We must implement the Convention on the Elimination of all forms of Discrimination Against Women, we must deliver within 12 years the SDGs (Sustainable Development Goals), especially goal 5.5 and UN Security Council resolution 1325.

And let us send a clear message to all those who would slow progress, whether they are in the global north or global south, that we will not stand for their nonsense.

I am so conscious as I speak to you that this very institution, the mother of all parliaments is still a hostile environment for some women who work within its walls.

I am aware that in parts of the UK not all women have access to reproductive healthcare where they live. Or marry who they love.

I understand the challenges of tackling historic failings or sensitive issues.

But tackle them we must.

And in 2018 we should not have to have a fight on our hands to get women’s rights mentioned in summit documents, especially when that summit is the G7.

Enough.

Unless we enable every woman to reach their full potential, humanity won’t reach its.

Unless women and girls thrive, our nations won’t.

Peace, prosperity and security depend upon our task. And we should depend on each other. And meeting each other face-to-face, over these two days, I can see the interest sparking.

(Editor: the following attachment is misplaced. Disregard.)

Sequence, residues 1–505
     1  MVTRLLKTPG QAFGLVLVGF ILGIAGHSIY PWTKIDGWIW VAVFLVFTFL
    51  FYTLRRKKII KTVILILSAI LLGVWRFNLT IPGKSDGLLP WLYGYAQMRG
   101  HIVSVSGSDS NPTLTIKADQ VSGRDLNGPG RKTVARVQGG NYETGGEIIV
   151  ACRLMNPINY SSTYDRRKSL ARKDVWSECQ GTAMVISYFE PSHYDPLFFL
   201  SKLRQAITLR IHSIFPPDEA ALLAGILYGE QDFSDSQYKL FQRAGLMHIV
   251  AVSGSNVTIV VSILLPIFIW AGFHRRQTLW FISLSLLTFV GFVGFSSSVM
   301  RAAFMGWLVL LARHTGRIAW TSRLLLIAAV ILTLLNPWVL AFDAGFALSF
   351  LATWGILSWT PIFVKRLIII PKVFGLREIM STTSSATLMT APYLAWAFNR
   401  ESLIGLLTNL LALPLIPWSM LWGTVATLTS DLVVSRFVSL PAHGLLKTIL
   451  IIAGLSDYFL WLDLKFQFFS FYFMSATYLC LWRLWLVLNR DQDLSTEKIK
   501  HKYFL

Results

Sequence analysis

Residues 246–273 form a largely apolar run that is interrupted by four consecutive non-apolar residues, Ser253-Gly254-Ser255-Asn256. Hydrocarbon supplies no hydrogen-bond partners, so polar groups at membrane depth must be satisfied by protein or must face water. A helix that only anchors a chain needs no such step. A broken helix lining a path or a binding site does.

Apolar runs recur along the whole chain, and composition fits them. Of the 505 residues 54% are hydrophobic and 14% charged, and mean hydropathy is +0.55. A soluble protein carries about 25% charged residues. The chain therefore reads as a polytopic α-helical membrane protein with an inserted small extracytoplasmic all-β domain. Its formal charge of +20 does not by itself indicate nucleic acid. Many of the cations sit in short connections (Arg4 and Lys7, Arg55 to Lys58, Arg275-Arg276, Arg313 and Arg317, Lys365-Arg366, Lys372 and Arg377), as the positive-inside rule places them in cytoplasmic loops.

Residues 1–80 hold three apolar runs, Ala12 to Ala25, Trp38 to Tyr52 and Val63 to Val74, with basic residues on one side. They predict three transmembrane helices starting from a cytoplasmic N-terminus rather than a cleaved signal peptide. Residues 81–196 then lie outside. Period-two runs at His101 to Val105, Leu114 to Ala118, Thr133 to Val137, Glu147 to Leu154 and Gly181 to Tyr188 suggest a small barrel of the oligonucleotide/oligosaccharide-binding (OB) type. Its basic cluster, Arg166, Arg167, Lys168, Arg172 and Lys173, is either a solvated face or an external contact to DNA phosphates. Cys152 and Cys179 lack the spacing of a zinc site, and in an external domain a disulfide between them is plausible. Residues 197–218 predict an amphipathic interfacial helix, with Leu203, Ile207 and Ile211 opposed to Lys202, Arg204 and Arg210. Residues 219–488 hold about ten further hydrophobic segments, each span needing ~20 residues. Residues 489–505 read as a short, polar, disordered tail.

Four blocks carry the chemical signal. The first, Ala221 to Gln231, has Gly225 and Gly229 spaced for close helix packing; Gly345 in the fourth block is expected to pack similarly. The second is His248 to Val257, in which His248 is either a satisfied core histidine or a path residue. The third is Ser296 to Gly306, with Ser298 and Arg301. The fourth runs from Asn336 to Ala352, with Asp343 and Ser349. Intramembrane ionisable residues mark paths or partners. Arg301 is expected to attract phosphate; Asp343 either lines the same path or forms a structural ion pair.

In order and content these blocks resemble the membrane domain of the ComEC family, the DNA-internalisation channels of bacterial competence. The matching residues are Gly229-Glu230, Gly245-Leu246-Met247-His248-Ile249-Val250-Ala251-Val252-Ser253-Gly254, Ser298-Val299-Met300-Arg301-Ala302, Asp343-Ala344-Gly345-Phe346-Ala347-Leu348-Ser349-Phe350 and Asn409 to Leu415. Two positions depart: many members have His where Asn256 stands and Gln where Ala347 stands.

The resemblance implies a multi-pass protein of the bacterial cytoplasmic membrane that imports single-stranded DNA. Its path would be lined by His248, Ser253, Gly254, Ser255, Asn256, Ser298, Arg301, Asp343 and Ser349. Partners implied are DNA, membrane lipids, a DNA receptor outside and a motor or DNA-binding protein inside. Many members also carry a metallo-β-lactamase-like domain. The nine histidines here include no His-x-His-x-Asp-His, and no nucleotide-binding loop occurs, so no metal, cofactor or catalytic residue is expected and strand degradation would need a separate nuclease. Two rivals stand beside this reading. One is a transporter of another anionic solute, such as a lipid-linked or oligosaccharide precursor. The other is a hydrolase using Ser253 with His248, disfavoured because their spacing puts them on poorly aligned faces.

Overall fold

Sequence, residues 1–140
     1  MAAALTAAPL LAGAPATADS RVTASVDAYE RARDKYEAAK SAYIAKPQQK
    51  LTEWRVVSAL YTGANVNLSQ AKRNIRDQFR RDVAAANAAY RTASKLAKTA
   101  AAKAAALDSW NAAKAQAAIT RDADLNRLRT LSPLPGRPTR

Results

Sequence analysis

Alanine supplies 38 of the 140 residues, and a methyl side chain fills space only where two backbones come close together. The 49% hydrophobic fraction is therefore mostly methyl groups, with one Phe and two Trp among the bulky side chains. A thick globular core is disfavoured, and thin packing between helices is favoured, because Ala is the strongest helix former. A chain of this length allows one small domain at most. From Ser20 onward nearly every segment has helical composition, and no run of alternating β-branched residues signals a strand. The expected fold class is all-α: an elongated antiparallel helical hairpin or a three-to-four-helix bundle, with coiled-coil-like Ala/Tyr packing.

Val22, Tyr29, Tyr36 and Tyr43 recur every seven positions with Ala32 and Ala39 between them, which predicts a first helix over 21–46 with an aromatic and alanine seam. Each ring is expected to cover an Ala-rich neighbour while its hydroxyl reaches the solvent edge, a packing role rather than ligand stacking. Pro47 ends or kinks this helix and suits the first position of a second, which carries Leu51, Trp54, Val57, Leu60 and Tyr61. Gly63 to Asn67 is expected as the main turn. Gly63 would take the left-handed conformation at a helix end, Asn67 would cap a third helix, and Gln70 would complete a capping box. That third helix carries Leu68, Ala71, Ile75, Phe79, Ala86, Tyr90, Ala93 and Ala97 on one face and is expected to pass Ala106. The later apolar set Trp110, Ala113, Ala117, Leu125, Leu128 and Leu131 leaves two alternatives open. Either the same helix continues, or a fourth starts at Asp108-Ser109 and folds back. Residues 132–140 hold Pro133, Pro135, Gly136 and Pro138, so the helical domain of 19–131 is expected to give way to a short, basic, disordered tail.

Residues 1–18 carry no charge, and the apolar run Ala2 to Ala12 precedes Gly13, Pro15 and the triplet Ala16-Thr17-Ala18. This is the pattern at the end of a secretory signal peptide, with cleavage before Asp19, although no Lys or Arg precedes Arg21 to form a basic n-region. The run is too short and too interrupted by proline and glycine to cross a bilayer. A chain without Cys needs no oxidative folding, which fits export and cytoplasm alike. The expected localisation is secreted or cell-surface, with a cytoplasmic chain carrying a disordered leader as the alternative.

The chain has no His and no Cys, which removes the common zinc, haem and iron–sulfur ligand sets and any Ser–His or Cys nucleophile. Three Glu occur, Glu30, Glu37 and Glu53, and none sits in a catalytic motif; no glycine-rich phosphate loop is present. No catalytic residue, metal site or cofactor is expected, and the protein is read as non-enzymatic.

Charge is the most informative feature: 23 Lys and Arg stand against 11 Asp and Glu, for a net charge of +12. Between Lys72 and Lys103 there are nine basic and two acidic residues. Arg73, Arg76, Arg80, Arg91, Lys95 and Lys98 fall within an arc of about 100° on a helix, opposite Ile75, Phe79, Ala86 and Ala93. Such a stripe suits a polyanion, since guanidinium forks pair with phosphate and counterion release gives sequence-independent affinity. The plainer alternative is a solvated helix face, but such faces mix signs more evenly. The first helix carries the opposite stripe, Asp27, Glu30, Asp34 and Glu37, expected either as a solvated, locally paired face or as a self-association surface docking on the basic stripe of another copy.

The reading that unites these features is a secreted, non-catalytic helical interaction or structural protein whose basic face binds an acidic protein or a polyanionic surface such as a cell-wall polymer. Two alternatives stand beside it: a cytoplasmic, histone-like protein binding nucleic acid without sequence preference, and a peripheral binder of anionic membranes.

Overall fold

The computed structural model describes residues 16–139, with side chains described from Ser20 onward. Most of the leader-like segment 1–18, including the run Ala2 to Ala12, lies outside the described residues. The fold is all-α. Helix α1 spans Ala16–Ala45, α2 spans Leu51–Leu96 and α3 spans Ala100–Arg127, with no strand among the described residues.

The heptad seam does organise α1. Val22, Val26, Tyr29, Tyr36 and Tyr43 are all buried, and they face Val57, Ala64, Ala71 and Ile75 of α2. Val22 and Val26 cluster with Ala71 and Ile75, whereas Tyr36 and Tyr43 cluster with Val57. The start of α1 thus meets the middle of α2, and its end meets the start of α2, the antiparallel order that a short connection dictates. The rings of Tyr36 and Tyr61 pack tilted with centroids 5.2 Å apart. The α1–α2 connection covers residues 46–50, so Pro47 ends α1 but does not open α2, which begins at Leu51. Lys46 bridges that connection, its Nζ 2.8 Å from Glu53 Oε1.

How can we help each other do more? How can we support each other when the going gets tough? How can we all pile in behind you when you need support?

Let’s make an outcome from today a lasting connection between all of us. Whether it is a commitment to a giant sisterhood whatsapp group, or a greater interaction and collaboration around the issues we discuss today…

Because we must succeed.

Because the margin of victory is in this room.

Because courage calls to courage everywhere.

Without women’s rights there are no human rights.

I mentioned earlier the shadows and echoes of the women who went before us still surround us.

Let us recognise here today that we too will become shadows and dust, but our legacy must mean that in one hundred years a meeting like this will be nothing but a memory. Those who went before started a great movement for equality.

Let us be the generation that finishes the job.